Before so many people spoke of the desire to retain space to have the tent up and have worship, Pastor Jean had not planned for us to return to outdoor worship this year, except for the once a summer practice as pre-COVID, having perceived there was no longer the need for, nor wider congregation interest in having outdoor worship happen on a regular schedule. To test that theory, it is time to weigh in! What are your thoughts about whether or not we continued to offer outdoor worship in the summer, on a rotating basis with indoor worship? And what is your willingness to participate in making worship happen over the summer, whether indoors or outside? Also, we no longer have a keyboard housed on site. If we worship outside we need to identify another to borrow, or to identify funds (donations? memorial?) to purchase one for the congregation’s ongoing use.

Regardless of whether we use it for worship or not, having the tent up over the summer is still a positive offering of shade and fresh air to groups that meet over the summer and our neighbors. Who is available to make it happen sometime around Memorial Day? It takes a team of about six or seven folk to safely make it happen. PJ will ask some of the people more in the know about how it happens, after hearing back from you whether you can help!

Wednesdays – an alternative to Sundays or opportunity for new learning?

When Evan was part of the staff team for an interim time, he shaped an evening worship experience held under the tent or on the labyrinth, most often around a “camp fire” (until fire restrictions stopped our use of the propane fire pit). The group gathered for evening prayers, simple songs that didn’t require accompaniment, shortened scripture responded to by those gathered, and the sharing of Holy Communion. When Evan’s position came to an end, Pastor Jean and others carried on in his tradition, and the consensus was to reconvene in 2023.

Well, it’s 2023 and time to plan forward for June-August.

Does there remain interest in gathering on Wednesdays at 6:00 or 6:30 in similar fashion to last year’s intention to offer an alternative worship time to people who know they will be elsewhere on Sunday as well as provide an alternative for biblical engagement to those who continued to be present in worship (in person and online) most Sundays?

Or do we change up this coming summer’s plan by shifting the focus with a dip into the implications of changing culture on how we are church in a postmodern age? This could be PJ-led, or more intriguing perhaps, a book study by the dependably present few who would then help to bridge less frequent participants into a lively dialogue. (AND cover the 2-3 weeks over the summer when PJ will miss due to two vacation times to attend family events). Where is the Spirit stirring your interest and potential for commitment? Please, please do tell!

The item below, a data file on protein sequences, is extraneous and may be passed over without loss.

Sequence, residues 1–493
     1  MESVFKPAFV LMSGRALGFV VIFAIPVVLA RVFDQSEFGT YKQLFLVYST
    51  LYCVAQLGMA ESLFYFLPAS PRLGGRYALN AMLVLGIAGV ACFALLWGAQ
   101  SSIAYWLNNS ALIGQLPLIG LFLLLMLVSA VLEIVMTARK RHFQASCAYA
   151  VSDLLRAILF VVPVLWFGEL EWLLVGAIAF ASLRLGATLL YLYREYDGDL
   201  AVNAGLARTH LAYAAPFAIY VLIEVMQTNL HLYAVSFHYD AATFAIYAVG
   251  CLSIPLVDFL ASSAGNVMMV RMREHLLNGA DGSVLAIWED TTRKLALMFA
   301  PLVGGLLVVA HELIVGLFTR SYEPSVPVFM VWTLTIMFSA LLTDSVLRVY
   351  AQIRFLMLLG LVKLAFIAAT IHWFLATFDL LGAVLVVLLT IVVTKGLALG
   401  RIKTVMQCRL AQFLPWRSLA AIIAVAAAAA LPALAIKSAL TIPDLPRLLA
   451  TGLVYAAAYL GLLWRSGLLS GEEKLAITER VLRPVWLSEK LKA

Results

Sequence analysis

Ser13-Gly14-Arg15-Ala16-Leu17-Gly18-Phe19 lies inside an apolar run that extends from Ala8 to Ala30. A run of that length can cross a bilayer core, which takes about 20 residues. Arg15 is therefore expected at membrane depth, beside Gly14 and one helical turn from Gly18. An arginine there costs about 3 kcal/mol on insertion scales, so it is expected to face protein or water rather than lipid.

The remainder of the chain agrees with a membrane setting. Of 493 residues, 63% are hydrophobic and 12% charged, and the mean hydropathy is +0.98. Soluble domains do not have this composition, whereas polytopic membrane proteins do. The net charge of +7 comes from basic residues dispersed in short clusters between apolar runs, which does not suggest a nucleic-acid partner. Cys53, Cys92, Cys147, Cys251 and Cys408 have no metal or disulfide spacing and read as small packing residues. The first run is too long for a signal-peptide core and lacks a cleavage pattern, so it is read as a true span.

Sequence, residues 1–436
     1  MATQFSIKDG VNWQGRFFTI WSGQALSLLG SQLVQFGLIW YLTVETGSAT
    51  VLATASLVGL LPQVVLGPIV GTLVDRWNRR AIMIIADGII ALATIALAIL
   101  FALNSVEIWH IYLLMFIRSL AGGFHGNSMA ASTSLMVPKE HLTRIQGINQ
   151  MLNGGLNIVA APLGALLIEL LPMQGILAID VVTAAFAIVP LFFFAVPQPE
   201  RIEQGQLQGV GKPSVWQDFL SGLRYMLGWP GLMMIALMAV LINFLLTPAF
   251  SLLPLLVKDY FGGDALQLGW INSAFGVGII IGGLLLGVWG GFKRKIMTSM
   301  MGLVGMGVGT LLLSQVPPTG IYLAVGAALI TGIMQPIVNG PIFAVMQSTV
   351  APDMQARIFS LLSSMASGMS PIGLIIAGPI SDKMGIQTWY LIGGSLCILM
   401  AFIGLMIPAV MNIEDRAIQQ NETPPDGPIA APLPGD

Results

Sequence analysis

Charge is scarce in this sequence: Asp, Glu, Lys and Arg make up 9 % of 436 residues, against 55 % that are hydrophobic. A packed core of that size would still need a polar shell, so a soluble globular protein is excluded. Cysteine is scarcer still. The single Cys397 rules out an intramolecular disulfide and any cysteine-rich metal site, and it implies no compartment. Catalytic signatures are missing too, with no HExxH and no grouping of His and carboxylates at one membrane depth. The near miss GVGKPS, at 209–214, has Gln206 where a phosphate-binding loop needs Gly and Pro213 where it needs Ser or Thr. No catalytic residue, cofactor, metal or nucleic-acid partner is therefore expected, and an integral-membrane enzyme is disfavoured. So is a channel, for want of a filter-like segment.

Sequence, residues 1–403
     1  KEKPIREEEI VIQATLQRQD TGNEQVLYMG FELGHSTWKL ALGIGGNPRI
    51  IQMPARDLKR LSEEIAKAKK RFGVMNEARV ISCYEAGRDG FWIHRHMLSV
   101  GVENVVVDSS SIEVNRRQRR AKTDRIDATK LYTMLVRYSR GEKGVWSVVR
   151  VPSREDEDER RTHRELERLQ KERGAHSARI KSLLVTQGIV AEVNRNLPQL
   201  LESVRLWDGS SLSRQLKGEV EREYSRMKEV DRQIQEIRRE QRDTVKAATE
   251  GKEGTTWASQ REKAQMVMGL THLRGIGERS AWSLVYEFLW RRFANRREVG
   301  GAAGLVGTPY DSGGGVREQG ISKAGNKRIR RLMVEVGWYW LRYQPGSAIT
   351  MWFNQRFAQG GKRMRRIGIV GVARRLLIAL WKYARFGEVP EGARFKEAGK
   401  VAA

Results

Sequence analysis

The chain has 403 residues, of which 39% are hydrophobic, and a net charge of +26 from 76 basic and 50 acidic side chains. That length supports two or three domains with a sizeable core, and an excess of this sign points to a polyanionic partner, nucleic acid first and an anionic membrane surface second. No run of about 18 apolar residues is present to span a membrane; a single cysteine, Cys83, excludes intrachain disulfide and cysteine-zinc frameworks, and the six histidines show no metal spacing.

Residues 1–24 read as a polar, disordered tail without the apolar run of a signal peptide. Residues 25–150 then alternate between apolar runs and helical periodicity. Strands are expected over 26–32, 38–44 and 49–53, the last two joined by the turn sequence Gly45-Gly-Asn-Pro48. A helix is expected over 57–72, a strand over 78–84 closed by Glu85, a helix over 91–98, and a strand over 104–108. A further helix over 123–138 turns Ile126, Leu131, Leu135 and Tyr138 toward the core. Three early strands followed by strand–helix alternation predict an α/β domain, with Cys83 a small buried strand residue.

Asset Mapping – working with what we have (because what we have is more than enough!)

On April 23 approximately 30 people joined to name but a few of the assets we share among and between us as a congregation. There’s more creative planning possible even with what this subset of the congregation generated, and on June 11 you are welcome to come together after worship for some further development of ideas.

But to get things rolling, through some initial generation of ideas, the following was the clear favorite: a Crafting Potluck, where people can gather for fellowship, food, and creative fun. The next most popular idea was to organize a gathering focusing on climate activism, where fellowship also includes learning and equipping of leaders, with some humor thrown in, as well as a time for worship. Other ideas also had strong interest, from gathering for Bible study on someone’s patio or garden, to hosting an educational event to increase capacity for accepting differences, but with an emphasis on finding ways to incorporate humor. Who’s ready to get on board and help make one of these ideas happen?! Permission is granted to move an idea along to implementation!

Food Scrap Composting – Bring them in!!

Have you noticed recent stories in the newspaper and news programming about how composting food waste can make a significant difference toward alleviating climate change? And we’re part of those efforts! Beautiful Savior is serving as a food waste collection drop site for households of our congregation, building partners, and neighbors, to help keep food scraps out of the landfill. By contributing your food scraps to this program, you will be part of a larger movement to keep valuable nutrients out of the landfill and transform them into rich, healthy soil.

Thanks to community members signing up at the last shred day event, we handily moved past the minimum number to participate – 30 – to 45 households joining in this movement! And don’t worry – if you haven’t “signed up” it’s not a problem, anyone is welcome to contribute food waste to this project. We received our bin and many have already used it.

Please note that our “pick up day” is Friday. The bin is located on the south side of the building, on the end where the tent gets raised.

Remember: plastic is not a food category! Please remember to remove any plastic or compostable/biodegradable liners as you add your scraps. For the current study, it is also important that we not add in yard waste. Put food scraps only in the bin.